“We have always said that negotiations are restricted to nuclear discussions,” Zarif, also Iran’s top negotiator in the talks with the world powers, told reporters on Friday.
He further said it is not clear yet if the negotiations would continue after the Monday deadline. Yet he underlined that the Iranian team is “ready for negotiations”.
Earlier today, Iranian Deputy Foreign Minister Seyed Abbas Araqchi voiced optimism about the trend of the ongoing talks between Tehran and the Group 5+1 (the US, Russia, China, France and Britain plus Germany), but meantime said there is still a serious gap between Tehran and the western powers.
“All differences are serious and we are trying to reduce these differences,” Araqchi, also a senior negotiator in the talks with the world powers, told reporters in Lausanne, Switzerland.
“… we are still hopeful and optimistic, but it is still soon to state if we will be able to obtain a solution on all issues or not,” he added.
He noted that both sides are trying to reach a solution on all issues first and then write down the solutions in black and white in the coming months.
Araqchi pointed to the Iran-G5+1 meetings on Friday, and said, “Bilateral and multilateral meetings at the level of experts, deputy FMs, and FMs will be held today and we hope these meetings lead to progress in the negotiations.”
He noted that the Iranian negotiators will stay in Lausanne as long as needed.
Iran and G5+1 started their new round of talks in Lausanne on Thursday.
The last round of talks between the Iranian and US nuclear negotiators ended in Lausanne last Friday afternoon in the presence of Zarif, US Secretary of State John Kerry, their deputies, Head of the Atomic Energy Organization of Iran Ali Akbar Salehi, US Secretary of Energy Moniz, EU foreign policy chief Federica Mogherini and her deputy Helga Schmidt. The Iranian negotiators returned to Tehran on Saturday to participate in ceremonies celebrating the Iranian new year (which started on March 21).
Zarif said on Saturday that Tehran and the 5+1 group of powers had found technical and political solutions to their differences.
“Proper technical and political solutions have been found for the issues which couldn’t be solved in the past,” Zarif wrote on his facebook page.
“We were ready for negotiations, but the other sides needed more time for coordination,” he added.
“We have decided to return to Geneva on Wednesday to continue the talks, and God willingly, finalize the details of the solutions,” Zarif said.
After the last round of talks with powers last Friday, Araqchi said that the US and European countries needed more consultations and arrangements with their governments to continue talks with Iran.
Talks between Iran and G5+1 were very serious and extensive, he said, adding that nuclear teams at this juncture are in need of more negotiations and coordination.
Owing to the same reason, foreign ministers of the European states and the US met in Berlin on Saturday to get ready for the new round of the negotiations today.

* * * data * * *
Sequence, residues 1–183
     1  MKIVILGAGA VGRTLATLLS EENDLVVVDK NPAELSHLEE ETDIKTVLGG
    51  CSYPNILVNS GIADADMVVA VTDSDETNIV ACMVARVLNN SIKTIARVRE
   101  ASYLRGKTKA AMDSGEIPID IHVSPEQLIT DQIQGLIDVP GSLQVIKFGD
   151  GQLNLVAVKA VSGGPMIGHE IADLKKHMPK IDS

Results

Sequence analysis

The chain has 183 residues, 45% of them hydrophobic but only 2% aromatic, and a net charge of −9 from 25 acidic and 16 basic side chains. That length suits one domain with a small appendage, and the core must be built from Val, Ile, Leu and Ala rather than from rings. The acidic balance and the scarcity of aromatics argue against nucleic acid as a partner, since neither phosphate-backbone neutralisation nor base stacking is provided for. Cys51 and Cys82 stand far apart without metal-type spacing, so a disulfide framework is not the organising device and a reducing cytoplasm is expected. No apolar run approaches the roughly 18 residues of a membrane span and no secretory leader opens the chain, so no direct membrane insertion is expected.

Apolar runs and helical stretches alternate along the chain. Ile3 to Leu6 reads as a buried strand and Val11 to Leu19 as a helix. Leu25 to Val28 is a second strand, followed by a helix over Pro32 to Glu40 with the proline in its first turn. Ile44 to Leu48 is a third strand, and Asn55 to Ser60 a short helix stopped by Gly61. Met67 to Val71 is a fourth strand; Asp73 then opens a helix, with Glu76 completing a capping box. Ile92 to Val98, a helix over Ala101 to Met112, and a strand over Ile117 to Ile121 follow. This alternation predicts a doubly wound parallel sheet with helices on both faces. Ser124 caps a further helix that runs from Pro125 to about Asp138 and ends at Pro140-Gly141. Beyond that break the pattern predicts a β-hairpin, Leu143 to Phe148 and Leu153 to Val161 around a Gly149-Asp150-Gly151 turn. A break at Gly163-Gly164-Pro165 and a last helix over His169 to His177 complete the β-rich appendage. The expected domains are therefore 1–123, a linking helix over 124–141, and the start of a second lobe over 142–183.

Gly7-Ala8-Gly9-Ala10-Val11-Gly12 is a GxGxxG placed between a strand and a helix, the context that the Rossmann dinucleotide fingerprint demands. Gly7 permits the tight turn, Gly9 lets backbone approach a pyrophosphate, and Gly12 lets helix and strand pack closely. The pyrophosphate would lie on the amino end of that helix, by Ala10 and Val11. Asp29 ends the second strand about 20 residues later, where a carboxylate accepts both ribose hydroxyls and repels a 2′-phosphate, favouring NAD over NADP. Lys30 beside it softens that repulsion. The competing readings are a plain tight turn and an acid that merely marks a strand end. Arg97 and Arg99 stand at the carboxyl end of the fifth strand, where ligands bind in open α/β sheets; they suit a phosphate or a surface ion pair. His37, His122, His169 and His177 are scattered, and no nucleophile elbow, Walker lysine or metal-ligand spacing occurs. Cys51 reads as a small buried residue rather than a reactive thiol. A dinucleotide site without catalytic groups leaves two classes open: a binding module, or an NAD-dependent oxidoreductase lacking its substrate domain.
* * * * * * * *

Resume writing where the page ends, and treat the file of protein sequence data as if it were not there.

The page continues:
Iran and the G5+1 are negotiating to narrow their differences over Tehran’s nuclear energy program ahead of a July 1 deadline.
Zarif underlined on Friday that the ball was in Washington’s court to make a choice between a final deal or ineffective pressures against Tehran.
“Iranians have already made their choice: Engage with dignity,” Zarif wrote in his tweeter page.
“It’s high time for the US and its allies to chose: pressure or agreement,” he added.
Earlier this month, Salehi announced that Tehran and Washington had overcome their differences on technical issues with regard to Iran’s nuclear program in most of the cases, adding that both sides were trying to resolve the remaining technical problems.
“We have agreed on 90 percent of technical issues,” Salehi said after his second meeting with Moniz in Lausanne, Switzerland, in mid March.
“There has only remained one very important point of difference that we will try to resolve in the evening talks,” he added.
Both Iran and the G5+1 negotiators have underlined that cutting a final deal before the July 10 deadline is possible.
In relevant remarks earlier this month, Zarif said there was still a good chance for the success of the nuclear talks between Tehran and the world powers, but meantime underlined that failure of the negotiations would never mean the end of world to Iran.
“There is still an over 50-percent chance for the attainment of an agreement and I feel that both sides believe that success and attainment of an agreement will be much better and useful than failure in the negotiations; yet, failure in reaching an understanding will not be the end of the world but both sides have spent their time and political prestige in the success of these talks,” Zarif said in an interview.
He stressed that the chances for the failure of the talks would be alive as long as agreement was not attained on all issues and details, and said, “As it was said in the Geneva agreement (November 2013), as long as an agreement is not made on all issues, nothing has been agreed on.”
Asked about the removal of the sanctions against Iran, Zarif said, “Removal of the UN Security Council sanctions aren’t complicated and merely depends on the political will (of the other side).”